Town - Dale Steyn press
conferences are almost always good for a few laughs.
The 35-year-old, now the leading
wicket-taker in South African Test cricket history, has seen enough to know not
to take himself too seriously.
He doesn't mind poking fun at
journalists and hitting back with a few sarcastic chirps that form part of what
is clearly a dry sense of humour.
Steyn was in fine form in front
of the press following day one of the second Test against Pakistan at Newlands on
Thursday, but there was one particular answer that left a room full of cricket
scribes momentarily uncertain as to whether he was joking or not.
Steyn was asked what his response
would have been if he was told, in what was a week of tough selection
decisions, that he was being rested for the Test.
"If I didn't play?" he asked.
"I'd probably retire."
Steyn would go on to say that he
was "only joking", but there was a seriousness to his tone that made
you believe he was telling the truth.
He has, after all, only recently
returned to full fitness following two straight years of battling injuries that
threatened to bring his career to an end.
Now that he is back to full tilt,
it would take a brave man to take the ball out Steyn's hands right now and instruct
him to put his feet up.
Late on day three, when Pakistan
were on the ropes, Steyn was absolutely firing and in that evening session he
began to resemble the man who was once the most feared fast bowler in the
What is undeniable, though, is
that Steyn is playing a different role these days.
With Duanne Olivier quick and
aggressive and with Kagiso Rabada the No 1 ranked bowler in the world, Steyn is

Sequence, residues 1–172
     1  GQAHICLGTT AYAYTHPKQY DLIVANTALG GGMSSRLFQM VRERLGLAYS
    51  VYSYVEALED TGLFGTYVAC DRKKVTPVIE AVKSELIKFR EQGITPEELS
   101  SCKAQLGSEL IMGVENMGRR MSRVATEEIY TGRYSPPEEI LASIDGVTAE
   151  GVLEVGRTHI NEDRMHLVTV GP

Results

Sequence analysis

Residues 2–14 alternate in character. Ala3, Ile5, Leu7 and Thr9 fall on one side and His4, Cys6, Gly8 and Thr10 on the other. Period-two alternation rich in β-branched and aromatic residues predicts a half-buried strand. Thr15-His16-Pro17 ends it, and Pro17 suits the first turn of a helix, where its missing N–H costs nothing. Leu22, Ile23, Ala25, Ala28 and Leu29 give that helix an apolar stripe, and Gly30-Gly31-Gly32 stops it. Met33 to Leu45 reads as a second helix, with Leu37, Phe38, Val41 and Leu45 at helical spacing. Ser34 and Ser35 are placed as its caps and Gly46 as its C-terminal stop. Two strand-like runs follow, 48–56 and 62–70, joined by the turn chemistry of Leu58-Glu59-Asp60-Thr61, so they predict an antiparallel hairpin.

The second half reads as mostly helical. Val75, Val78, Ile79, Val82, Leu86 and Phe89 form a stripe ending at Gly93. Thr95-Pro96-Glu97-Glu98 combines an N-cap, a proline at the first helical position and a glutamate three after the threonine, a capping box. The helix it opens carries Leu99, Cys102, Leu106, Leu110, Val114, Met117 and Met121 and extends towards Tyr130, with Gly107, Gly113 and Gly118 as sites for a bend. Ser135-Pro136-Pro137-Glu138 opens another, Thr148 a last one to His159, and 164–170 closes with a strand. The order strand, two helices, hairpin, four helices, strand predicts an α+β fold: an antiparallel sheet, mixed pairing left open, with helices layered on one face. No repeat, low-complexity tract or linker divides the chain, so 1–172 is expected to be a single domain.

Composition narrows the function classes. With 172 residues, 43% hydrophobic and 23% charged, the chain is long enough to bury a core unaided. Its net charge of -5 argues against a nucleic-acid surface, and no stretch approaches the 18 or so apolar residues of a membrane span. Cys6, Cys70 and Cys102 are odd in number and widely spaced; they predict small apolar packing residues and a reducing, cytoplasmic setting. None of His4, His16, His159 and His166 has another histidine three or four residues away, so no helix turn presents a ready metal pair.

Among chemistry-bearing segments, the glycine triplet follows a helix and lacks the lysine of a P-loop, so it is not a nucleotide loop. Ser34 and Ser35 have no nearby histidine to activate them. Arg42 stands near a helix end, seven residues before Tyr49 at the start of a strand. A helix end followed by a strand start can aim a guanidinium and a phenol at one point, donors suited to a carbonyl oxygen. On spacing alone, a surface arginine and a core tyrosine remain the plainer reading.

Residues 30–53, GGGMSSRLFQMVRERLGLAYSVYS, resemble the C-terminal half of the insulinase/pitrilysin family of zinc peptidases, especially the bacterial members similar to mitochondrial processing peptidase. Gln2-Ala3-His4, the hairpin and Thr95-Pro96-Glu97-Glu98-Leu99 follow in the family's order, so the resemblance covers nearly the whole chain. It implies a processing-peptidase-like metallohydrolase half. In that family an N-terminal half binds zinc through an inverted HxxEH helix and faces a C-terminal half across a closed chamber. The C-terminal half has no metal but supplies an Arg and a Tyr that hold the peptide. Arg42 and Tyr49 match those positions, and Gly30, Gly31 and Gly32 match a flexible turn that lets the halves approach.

no longer considered the 'go-to' guy when the Proteas need a
It is a sign of the strength and
depth that this Proteas seam attack currently boasts, but to consider that
Steyn might not be South Africa's most dangerous weapon anymore is unfamiliar
Make no mistake, he is still
bowling more than well enough to command a place in the Test side as well as form
part of the plans for the World Cup this year, but what does his role in the
side look like moving forward?
"It's so difficult when it
comes to Dale to make any predictions, because he has proven us all
wrong," skipper Faf du Plessis said after the second Test at Newlands,
which the Proteas won by 9 wickets.
"When he had those injuries
not too long ago, in the back of mind I was thinking: 'Is Dale Steyn going to
come back and be the Dale Steyn that we had not too long ago?'
"I think it’s so difficult
to judge him on his age. He's a freak and a super athlete.
"His body is so fit and he
was our quickest bowler on a slow pitch here (Newlands).
"Dale is a smart cricketer
now. He knows what to do and when to turn it on and off. I think as long as he
wants to play, he can still play Test cricket."
Du Plessis has not spoken to
Steyn about his future beyond the World Cup, but it is understood that he would
retire from ODI cricket in the hope of prolonging his Test career for as long
For coach Ottis Gibson, Steyn has
earned the right to leave the international stage on his own terms.
"He is 35 and steaming in
with a smile on his face and the Dale Steyn angry eyes are back again,"
the coach said.
"I like players to almost
design their own exit in a way. Sit and think to yourself how you want to leave
the game and then communicate that to me or CSA so that we can manage it
"The one thing you don't
want is for a player of his quality to go on too long or feel like he's left
the game too early. You don't want to drop a player of that calibre.
"If he feels that he's got
two more years in him and he looks after himself very well, then so be it.
"When he broke the record, I
told him that his next 100 wickets would come a lot quicker than the last 100,
as you can see from how he is performing on the field."
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